According to a report from Human Rights Watch on Monday, September 5, the Chinese communist regime is collecting mass DNAs of residents across the Tibet region. 

The report noted the DNA collections of almost all age groups, ranging from kindergarten to children aged five and above. And residents’ blood is collected without consent.

All seven municipalities in Tibet Autonomous Region are subject to these mass DNA collections.

Sophie Richardson, China director at Human Rights Watch, said that, “The Chinese government is already subjecting Tibetans to pervasive repression.”

She added, “Now the authorities are literally taking blood without consent to strengthen their surveillance capabilities.”

The regime cited “detect various illegal cases” or “crack down on illegal and criminal elements” as justification for the collection. 

However, the report said, “The authorities’ stated use for this data—crime detection—does not appear to constitute a legitimate, proportionate purpose that serves the child’s best interest.”

The DNA collection is designed to strengthen China’s grass-roots social intensive governance system in Tibet.

The report said that beginning in 2019, police in Chamdo municipality, one of the seven prefectures in Tibet, implemented a year-long collection of fingerprints and DNA from residents to set up a database for its entire population.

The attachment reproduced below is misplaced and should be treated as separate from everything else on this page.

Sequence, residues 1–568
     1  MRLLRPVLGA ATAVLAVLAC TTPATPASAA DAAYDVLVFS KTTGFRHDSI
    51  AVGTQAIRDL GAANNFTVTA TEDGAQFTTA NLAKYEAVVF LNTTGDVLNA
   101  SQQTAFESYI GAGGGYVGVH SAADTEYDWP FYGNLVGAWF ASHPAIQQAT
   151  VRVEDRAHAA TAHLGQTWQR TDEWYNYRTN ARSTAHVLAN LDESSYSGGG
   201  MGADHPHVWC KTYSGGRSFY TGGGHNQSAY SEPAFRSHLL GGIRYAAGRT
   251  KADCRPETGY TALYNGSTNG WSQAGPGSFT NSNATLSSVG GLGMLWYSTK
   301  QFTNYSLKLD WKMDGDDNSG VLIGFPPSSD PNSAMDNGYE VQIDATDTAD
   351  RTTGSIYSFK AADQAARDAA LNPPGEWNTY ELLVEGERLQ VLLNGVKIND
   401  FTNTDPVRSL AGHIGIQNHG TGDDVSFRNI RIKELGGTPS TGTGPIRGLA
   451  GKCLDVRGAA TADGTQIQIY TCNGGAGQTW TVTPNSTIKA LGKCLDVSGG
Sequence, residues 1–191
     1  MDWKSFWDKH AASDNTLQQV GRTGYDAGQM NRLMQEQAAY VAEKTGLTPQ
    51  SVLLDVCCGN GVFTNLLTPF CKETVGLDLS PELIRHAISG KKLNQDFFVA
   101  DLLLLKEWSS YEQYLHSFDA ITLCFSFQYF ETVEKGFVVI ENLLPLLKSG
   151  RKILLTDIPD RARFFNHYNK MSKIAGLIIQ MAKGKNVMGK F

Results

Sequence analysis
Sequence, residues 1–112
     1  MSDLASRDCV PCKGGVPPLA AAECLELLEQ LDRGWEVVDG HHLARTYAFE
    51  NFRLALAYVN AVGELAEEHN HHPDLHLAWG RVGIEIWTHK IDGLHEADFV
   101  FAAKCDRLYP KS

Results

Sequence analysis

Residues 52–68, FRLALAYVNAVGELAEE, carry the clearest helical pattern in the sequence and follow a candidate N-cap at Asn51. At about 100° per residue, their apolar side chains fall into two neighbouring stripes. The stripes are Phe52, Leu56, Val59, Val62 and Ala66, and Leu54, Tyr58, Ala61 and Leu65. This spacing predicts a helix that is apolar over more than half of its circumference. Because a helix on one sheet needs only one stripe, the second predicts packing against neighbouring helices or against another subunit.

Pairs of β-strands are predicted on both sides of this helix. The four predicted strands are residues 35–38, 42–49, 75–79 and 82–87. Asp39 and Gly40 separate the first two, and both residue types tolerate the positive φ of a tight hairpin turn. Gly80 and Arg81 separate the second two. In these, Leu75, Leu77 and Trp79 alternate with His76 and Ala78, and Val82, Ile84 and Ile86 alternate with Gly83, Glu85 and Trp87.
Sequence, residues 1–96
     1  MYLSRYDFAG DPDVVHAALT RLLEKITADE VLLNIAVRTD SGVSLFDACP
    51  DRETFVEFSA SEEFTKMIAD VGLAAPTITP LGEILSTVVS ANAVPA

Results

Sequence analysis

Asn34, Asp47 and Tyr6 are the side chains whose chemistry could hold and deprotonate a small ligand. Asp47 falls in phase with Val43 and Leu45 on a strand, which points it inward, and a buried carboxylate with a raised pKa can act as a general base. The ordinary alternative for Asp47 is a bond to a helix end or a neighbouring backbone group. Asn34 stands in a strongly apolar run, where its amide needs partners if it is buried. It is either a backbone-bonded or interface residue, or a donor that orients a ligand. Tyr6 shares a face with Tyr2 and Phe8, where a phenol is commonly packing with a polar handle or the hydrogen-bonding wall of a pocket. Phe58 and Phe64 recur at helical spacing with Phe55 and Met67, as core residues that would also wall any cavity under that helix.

The police were told “not to miss a [single] village or monastery, and not to miss a [single] household or person” in the area. So far, 69% of data on the population in Chamdo municipality have been collected. 

According to the report, mass DNA collection of Tibet residents began in 2013 in the form of free physical exams to collect blood. The program was expanded to the rest of the country in 2017.

China invaded and annexed Tibet in 1950. Beijing claimed the invasion was a “peaceful liberation” from the theocratic rule. The region is one of the most restricted areas in China. The regime considers Tibet and Taiwan as major issues that cannot be compromised. 

Human rights activists, foreign journalists, and diplomats are prohibited from entering the region independently.

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